When children are having a hard time, their feelings usually explode at the people with whom they feel safe -- Us! It's natural for us to get angry, reprimand, tell them to behave, or send them off to calm down.
But when kids act rude and belligerent, they aren't trying to give us a hard time. They're trying to send us an SOS.
If we respond by yelling, threatening, or sending them away to "calm down," we shut the door they've opened, and leave them to struggle on their own.
Of course, it's not unusual for a child's belligerence to look more like a minefield than an open door -- so this takes a lot of patience from you as the parent.
But it's worth it, because your understanding disarms your child's anger and helps her find her way back to you. That deepens the connection and trust you're building with your child. It helps your child solve her problem. And it reduces future episodes of belligerence.
Here's how to find your way through that minefield to re-connect with your child and stop the drama.
1. Calm yourself before you respond.
Remind yourself that your child is sending you an SOS. Naturally, you get triggered when your child is rude to you. If you can take a deep breath and stay calm, you're modeling a critical skill for your child: Self-regulation. Kids learn much more from what we do than from what we say. If your default tone is respectful, that will become your child's default tone as well.
2. Set your limit -- respectfully and gently.
Instead of a reprimand, point out very simply that his words hurt, acknowledge that he must be upset, and invite him to talk about it: "Ouch! You know we don't speak to each other that way in this house. You must be very upset to use that tone. What's going on?"
3. Be prepared for the dam to break.
Your child's response to your kind invitation to talk will probably be to unleash a torrent of upset in your direction. You'll get an earful about all the reasons her life is terrible, unfair, unbearable -- and maybe even that it's all your fault!
Now's the time to use the time honored parenting mantra: Don't take it personally! We all say things we don't mean when we're upset. The good news is, she's showing you all that upset instead of holding it inside, taking it out on her brother, or hitting someone. What she needs most right now is for you to understand how upset she is.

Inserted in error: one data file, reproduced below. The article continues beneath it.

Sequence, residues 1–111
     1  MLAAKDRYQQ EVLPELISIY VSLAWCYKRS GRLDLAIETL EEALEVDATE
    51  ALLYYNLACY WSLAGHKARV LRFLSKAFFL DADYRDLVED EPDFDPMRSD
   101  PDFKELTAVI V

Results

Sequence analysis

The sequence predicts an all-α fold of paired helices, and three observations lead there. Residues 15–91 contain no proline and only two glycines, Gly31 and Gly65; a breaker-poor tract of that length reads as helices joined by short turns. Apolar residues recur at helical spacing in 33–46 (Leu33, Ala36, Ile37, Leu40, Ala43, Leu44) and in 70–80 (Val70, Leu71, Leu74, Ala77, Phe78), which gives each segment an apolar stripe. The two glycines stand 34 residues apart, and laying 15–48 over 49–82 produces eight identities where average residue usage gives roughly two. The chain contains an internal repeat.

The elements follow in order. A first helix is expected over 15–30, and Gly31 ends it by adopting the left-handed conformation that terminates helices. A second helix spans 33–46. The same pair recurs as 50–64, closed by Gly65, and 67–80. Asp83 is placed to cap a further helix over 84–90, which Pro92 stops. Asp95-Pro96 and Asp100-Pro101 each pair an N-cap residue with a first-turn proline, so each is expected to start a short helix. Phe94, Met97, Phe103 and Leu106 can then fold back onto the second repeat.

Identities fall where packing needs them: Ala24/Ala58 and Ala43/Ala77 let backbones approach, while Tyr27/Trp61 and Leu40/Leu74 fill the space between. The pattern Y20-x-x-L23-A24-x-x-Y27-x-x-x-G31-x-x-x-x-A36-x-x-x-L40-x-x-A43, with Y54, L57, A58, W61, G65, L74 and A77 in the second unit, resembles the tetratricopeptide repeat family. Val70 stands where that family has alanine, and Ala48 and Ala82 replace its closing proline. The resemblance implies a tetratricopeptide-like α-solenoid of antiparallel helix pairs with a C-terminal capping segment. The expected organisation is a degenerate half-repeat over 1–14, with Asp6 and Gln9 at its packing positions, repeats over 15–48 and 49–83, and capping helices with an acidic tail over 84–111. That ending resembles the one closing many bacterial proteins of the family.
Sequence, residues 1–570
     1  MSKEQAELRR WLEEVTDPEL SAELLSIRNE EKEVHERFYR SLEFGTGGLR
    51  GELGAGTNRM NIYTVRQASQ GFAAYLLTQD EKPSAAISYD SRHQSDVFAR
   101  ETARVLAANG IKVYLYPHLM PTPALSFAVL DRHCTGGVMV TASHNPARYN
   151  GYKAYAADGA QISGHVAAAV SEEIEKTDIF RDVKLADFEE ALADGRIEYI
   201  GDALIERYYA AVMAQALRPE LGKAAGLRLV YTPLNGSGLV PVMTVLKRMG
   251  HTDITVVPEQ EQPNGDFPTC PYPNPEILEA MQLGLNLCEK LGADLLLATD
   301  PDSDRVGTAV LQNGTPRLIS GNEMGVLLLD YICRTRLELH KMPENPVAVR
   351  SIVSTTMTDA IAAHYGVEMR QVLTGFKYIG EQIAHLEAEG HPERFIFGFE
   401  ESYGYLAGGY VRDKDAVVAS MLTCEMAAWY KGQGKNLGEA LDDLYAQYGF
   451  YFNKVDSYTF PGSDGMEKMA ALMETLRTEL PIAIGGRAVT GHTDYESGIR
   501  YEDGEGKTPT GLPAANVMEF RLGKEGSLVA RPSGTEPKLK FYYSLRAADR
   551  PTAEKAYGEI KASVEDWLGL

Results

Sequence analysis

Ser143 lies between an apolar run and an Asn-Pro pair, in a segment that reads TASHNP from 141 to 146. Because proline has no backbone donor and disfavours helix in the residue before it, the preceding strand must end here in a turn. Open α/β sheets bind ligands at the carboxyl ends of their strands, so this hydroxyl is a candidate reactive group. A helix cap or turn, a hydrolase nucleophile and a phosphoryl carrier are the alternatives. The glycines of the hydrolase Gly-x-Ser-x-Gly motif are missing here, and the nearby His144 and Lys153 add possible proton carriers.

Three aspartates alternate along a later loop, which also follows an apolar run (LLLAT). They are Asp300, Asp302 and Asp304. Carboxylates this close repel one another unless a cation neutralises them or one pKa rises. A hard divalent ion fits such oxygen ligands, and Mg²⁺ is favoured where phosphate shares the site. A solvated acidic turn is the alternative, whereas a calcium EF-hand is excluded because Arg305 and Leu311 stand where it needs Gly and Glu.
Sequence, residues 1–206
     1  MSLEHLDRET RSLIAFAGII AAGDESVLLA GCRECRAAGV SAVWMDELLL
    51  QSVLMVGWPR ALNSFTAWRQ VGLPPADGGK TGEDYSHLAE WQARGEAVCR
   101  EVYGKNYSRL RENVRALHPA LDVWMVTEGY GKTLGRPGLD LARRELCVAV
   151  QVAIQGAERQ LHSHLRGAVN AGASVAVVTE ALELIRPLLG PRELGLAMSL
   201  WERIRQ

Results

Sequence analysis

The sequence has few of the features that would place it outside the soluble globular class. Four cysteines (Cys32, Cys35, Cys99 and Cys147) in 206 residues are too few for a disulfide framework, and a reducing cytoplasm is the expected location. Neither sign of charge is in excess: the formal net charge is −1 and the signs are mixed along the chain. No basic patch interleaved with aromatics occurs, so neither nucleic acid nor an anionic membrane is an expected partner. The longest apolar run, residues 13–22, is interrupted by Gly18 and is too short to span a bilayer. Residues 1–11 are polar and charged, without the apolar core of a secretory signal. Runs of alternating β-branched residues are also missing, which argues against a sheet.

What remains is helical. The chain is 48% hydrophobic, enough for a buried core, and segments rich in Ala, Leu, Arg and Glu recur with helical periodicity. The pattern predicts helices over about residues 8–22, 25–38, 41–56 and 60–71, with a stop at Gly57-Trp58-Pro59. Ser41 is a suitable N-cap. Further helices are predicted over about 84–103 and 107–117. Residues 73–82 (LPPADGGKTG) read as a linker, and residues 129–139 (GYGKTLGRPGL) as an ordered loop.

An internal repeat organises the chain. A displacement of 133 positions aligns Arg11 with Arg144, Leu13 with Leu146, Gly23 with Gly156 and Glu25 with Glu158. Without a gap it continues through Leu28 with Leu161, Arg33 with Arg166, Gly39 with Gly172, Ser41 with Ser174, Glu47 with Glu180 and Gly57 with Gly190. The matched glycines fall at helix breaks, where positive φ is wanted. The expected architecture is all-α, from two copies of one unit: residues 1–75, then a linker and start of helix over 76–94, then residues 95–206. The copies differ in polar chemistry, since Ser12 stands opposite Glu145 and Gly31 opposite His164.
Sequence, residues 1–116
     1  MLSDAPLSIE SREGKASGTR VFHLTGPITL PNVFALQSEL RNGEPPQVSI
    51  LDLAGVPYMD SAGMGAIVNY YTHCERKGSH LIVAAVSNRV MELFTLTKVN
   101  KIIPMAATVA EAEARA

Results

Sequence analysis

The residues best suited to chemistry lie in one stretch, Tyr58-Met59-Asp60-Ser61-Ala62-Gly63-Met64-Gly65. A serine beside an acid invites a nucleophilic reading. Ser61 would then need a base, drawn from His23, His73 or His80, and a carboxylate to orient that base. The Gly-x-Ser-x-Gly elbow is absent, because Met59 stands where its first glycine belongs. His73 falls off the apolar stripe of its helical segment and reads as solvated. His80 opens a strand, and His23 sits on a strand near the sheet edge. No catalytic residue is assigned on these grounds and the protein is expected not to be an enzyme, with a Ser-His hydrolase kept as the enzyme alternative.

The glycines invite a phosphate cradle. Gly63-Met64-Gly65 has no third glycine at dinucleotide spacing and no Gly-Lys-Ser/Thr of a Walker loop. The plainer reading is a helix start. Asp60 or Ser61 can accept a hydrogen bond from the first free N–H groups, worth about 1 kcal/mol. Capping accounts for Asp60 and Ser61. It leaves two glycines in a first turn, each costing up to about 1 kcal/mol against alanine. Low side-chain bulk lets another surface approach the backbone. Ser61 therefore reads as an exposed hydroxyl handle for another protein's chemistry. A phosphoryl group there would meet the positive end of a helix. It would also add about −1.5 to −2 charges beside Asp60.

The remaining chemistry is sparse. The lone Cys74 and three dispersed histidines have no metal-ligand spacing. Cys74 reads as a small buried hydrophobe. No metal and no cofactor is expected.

I know. He yells at you, and you're supposed to empathize? But that's what helps him feel safe to feel those emotions, which is what heals them. "Oh, Sweetie... No wonder you're upset... I see..." Notice that you aren't reinforcing the anger, you're speaking to the upset that's driving the anger. The anger is just a defense.
Resist the urge to talk him out of his feelings or minimize them. Of course, he's over-reacting. He's been storing up a lot of upsets. And maybe the real upset is something deeper, and he doesn't even know what it really is. Your compassion is what makes it safe enough for him to feel those tangled emotions so he can move through them and let them go.
5. If your child meets your empathy with more anger, stop talking.
Usually when humans who are upset really feel understood, they start to cry. But sometimes those feelings are unbearable and they verbally attack the empathizer. In that case, just stop talking and feel all that pain. It will show on your face. Take a deep breath. You don't have to say anything to communicate your empathy.
6. Model taking responsibility by acknowledging any part of the upset that you contributed to.
"Oh, no wonder you're so upset, Honey. I completely forgot that I told you we could finish that tonight. And now the time has gotten away from us. I am so sorry! How can we fix this?"
7. Listen more, so your child can sort out solutions.